The 80s saw a major change in how toys could be advertised. A regulation that prevented companies from making cartoons based on a toy line was dropped* by the Reagan administration. This opened the door to several lines, including Transformers, Jem and the Holograms, Captain Power and the Soldiers of the Future, and My Little Pony**. Hasbro created the My Little Pony toy line in 1981, releasing the ponies in 1982, with several cartoons based on the toy ponies. The cartoons were aimed at young girls, the same demographic the toys were. One little girl in particular, Lauren Faust, gave her My Little Ponies distinctive personalities as she played with them.
Ms Faust grew up to be a writer and creator, particularly of cartoons. She worked on such series as The Powerpuff Girls before helming one of the biggest cartoons of the 21st century – My Little Pony: Friendship Is Magic. In creating that cartoon, she took the personalities her toy ponies had and gave it to the Mane 6 – Twilight Sparkle (a book smart but naive unicorn), Rarity (a fashionable but vain unicorn), Fluttershy (a kind but shy pegasus), Rainbow Dash (a brash tompony), Applejack (a down to earth but workaholic earth pony), and Pinkie Pie (a genre savvy party pony).
There are many keys to the success of MLP:FIS. The big one is that it has a broad appeal. While the show is aimed at young girls, who Hasbro wants to pressure parents into buying the toys, there's enough in the series to attract a large peripheral demographic***. Shout outs and homages abound, from Looney Tunes to Benny Hill; something for everypony. In addition, Hasbro itself has not bothered to take down episodes from various sites, including YouTube, in part because company officials have no idea how to react to the show's success. Since the series exists to sell ponies and ponies are selling, the officials have decided to let things stand.
Another key is how the show presents dilemmas for the Mane 6 to solve. In the 80s, typically there was one character who was designated as being always wrong, even if that character's idea made the most sense. In the Dungeons & Dragons cartoon, Eric the Cavalier held that designation – he'd would always make a suggestion that the others would reject for the group's, even if his idea made more sense. In MLP:FIS, no pony has that designation. Conflict can come from any two characters, and the solution is to work together and use each others' strengths without making either pony feel bad, using the power of friendship.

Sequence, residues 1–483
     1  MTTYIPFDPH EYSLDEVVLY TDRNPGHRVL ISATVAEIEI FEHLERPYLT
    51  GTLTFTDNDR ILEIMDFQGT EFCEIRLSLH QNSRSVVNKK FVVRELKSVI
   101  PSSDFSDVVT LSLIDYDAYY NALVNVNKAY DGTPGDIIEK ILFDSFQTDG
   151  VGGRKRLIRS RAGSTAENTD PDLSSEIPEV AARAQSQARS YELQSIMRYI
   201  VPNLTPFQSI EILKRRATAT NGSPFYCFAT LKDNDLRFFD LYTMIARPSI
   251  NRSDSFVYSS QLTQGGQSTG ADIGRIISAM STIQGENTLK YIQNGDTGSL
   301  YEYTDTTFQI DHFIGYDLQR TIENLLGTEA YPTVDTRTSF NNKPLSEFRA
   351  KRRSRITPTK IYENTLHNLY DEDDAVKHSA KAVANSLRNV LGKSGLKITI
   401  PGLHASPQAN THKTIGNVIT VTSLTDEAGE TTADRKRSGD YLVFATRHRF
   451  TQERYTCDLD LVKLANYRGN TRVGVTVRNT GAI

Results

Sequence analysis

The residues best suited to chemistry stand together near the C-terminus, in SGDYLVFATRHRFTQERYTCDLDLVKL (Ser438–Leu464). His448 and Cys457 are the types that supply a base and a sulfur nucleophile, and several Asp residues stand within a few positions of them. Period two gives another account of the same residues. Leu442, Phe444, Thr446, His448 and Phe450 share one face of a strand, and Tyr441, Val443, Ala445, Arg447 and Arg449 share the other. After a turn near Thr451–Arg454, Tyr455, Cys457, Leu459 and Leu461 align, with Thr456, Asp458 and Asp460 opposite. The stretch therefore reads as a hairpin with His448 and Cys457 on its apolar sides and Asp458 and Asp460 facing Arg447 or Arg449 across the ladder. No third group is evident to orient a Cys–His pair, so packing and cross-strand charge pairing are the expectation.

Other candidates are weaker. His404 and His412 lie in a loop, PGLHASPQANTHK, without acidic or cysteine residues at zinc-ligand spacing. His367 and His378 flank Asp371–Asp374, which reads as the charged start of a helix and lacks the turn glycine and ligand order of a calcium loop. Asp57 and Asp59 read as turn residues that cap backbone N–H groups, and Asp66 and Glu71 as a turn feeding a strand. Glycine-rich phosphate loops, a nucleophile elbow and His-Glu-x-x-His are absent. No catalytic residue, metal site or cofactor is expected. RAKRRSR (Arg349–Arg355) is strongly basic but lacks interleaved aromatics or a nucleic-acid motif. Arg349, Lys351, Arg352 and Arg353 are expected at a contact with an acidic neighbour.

A third reason for the success is the treatment of the fans. Fanon names for minor ponies, such as Derpy Hooves and Doctor Whooves, have become canon. This is unprecidented. Yet, it lets fans feel more included, something that goes with the message of the series. The names don't affect anything with the Mane 6, but some ponies, including Derpy Hooves, have made more appearances as a result. There is a synergy between the creative crew and the fans.
Over and over, the term "respect" has come up in respect to making a successful remake. In this case, the respect isn't necessarily towards the original material. Instead, it's respect towards the fans that has made My Little Pony: Friendship Is Magic a success.****
Next time, an anti-war TV series.
* Although ads for the toys still could not air during the show
** Please hold your squees until after you've read the column. 🙂
*** The last time I saw such a peripheral demographic was in 1995 with /Sailor Moon/. The general reaction from the older male periphery then was, "What did I watch and why am I still watching?", a reaction seen today with new bronies.
**** You may now squee. 🙂